Former President Donald Trump is amending his lawsuit against Big Tech companies Facebook, Twitter and Google to include some of the 65,000 censorship stories submitted by American citizens.
According to the America First Policy Institute, the lawsuit, filed July 7, is adding ''additional censorship experiences'' from 65,000 citizens that sent their stories into the institute's website.
''Late last night, Amended Complaints were filed in the Big Tech lawsuits against Facebook, Inc., Mark Zuckerberg, Twitter, Inc., Jack Dorsey, Google LLC, and Sundar Pichai. Since the initial filing on July 7, 2021, nearly 65,000 American people have submitted their stories of censorship through America First Policy Institute’s (AFPI) Constitutional Litigation Partnership (CLP) at TakeOnBigTech.com," an announcement on the site reported Wednesday.
''The Amended Complaints include additional censorship experiences and incorporates additional class representatives, including Dr. Naomi Wolf and Wayne Allyn Root — individuals on opposite ends of the political spectrum who highlight the bipartisan need to protect the thoughts and voices of all Americans, regardless of political affiliation.''
Trump’s class action suit alleges the social media giants violated his First Amendment rights by suspending his accounts while he was the sitting president, and charges that they are now ''state actors'' by collaborating with the federal government on what information is ''misinformation,'' and subject to censorship, The Washington Post reported July 8.
''We’re demanding an end to the 'shadow-banning,' a stop to the silencing, and a stop to the blacklisting, banishing and canceling that you know so well,'' Trump said during a press conference announcing the lawsuit.
The suit also seeks to end Section 230 of the Communications Decency Act, which protects the social media platforms from litigation that can be brought against other publishers in traditional media.
Critics were quick to dismiss Trump’s chances at emerging from the suit victorious.
''There’s no way a plaintiff has been able to get traction in the past, and there’s no way that Trump is going to be able to get traction either,'' Eric Goldman, a professor at Santa Clara University Law School in California, said in the Post article.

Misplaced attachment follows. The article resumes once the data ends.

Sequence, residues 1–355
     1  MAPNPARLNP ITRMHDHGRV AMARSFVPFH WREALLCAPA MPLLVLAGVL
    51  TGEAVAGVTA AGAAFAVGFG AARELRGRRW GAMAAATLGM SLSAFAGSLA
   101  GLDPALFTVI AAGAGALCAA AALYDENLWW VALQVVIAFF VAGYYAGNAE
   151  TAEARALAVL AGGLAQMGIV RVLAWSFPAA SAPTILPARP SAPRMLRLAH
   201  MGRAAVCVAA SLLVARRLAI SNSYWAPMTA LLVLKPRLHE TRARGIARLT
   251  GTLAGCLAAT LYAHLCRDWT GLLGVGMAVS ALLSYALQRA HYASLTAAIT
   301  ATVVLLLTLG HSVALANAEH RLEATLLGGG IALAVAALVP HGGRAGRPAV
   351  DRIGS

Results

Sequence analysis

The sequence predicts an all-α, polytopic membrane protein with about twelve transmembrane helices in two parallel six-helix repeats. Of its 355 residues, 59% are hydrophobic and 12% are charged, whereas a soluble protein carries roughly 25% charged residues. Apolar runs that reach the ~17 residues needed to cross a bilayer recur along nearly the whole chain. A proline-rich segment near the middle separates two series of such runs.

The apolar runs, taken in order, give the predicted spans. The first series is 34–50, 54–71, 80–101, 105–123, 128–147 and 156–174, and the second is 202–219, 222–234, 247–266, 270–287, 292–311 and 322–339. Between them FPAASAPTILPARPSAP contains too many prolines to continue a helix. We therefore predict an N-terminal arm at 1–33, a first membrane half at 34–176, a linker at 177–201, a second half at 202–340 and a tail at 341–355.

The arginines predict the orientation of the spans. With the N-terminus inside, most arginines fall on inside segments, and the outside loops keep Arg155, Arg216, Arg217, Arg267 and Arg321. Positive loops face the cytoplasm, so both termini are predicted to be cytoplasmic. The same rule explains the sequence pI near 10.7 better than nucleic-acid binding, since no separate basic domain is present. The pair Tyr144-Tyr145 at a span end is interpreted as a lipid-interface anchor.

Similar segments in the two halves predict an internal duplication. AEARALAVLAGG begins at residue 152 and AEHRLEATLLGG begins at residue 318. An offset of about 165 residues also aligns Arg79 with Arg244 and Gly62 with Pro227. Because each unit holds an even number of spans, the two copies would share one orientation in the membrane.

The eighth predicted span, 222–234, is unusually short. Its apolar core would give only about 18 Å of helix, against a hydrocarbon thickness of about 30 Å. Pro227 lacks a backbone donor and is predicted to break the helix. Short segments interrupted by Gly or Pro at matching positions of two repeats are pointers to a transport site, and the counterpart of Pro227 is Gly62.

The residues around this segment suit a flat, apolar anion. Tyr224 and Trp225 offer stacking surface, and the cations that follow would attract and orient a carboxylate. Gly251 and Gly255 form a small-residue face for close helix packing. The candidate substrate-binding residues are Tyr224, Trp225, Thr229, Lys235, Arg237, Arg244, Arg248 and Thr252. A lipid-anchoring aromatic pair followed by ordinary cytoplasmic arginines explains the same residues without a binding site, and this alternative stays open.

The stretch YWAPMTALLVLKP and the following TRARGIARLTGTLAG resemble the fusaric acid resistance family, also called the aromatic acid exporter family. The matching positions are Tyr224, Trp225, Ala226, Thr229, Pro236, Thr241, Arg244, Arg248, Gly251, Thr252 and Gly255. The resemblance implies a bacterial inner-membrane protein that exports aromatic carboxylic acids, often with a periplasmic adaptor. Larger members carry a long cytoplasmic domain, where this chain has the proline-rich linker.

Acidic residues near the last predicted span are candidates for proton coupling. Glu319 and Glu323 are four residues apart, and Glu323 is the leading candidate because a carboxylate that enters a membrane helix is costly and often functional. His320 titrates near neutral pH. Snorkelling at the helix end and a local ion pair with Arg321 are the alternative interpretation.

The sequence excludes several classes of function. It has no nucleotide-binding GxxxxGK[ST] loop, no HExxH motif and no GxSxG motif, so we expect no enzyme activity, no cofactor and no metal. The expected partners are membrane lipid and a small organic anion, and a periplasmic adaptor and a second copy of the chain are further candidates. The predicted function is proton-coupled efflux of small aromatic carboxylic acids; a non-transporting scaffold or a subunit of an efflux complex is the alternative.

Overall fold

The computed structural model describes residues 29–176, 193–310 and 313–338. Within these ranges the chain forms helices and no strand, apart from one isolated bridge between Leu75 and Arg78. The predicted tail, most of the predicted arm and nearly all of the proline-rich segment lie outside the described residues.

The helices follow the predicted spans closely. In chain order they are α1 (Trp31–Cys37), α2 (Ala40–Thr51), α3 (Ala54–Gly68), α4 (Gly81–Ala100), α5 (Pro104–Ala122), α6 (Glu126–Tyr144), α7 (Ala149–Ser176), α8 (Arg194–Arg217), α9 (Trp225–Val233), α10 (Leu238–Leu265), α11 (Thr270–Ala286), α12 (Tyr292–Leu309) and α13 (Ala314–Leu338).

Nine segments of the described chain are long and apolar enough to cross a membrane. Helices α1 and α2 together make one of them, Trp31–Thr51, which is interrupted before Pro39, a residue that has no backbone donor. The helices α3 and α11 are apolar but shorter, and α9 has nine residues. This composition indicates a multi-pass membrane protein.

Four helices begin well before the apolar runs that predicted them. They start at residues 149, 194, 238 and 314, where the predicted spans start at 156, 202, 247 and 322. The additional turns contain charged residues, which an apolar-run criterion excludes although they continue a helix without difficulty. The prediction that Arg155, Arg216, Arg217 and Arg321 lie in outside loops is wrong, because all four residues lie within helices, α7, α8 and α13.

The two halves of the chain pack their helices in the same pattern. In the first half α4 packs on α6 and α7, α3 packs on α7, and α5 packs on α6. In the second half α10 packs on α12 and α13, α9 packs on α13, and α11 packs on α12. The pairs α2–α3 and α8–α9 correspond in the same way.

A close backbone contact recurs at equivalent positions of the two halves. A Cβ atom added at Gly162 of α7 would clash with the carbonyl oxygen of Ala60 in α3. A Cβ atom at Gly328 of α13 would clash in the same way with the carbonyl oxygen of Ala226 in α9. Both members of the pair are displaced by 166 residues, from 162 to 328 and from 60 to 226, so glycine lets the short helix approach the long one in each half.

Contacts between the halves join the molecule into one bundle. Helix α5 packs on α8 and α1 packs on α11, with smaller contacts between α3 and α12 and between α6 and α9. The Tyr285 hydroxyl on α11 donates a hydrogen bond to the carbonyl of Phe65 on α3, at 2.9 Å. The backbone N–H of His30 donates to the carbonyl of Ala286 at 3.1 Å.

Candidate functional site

Trump’s claims that the companies were ''working directly with government actors to censor free speech'' may have been validated recently by the administration of President Joe Biden when White House Press Secretary Jen Psaki said during a recent press briefing that the federal government was collaborating with the companies to ''flag misinformation'' on the COVID pandemic.
''I would say first, it shouldn’t come as any surprise that we’re in regular touch with social media platforms — just like we’re in regular touch with all of you and your media outlets — about areas where we have concern, information that might be useful, information that may or may not be interesting to your viewers,'' Psaki said during her July 16 press briefing. ''You all make decisions, just like the social media platforms make decisions, even though they’re a private-sector company and different, but just as an example.''
She also said that anyone promoting what they consider ''misinformation'' should not be banned from just that one platform, but from all platforms.
''A couple of the steps that we have — you know, that could be constructive for the public health of the country are providing for — for Facebook or other platforms to measure and publicly share the impact of misinformation on their platform and the audience it’s reaching, also with the public, with all of you to create robust enforcement strategies that bridge their properties and provide transparency about rules,'' she said. ''You shouldn’t be banned from one platform and not others if you — for providing misinformation out there.''
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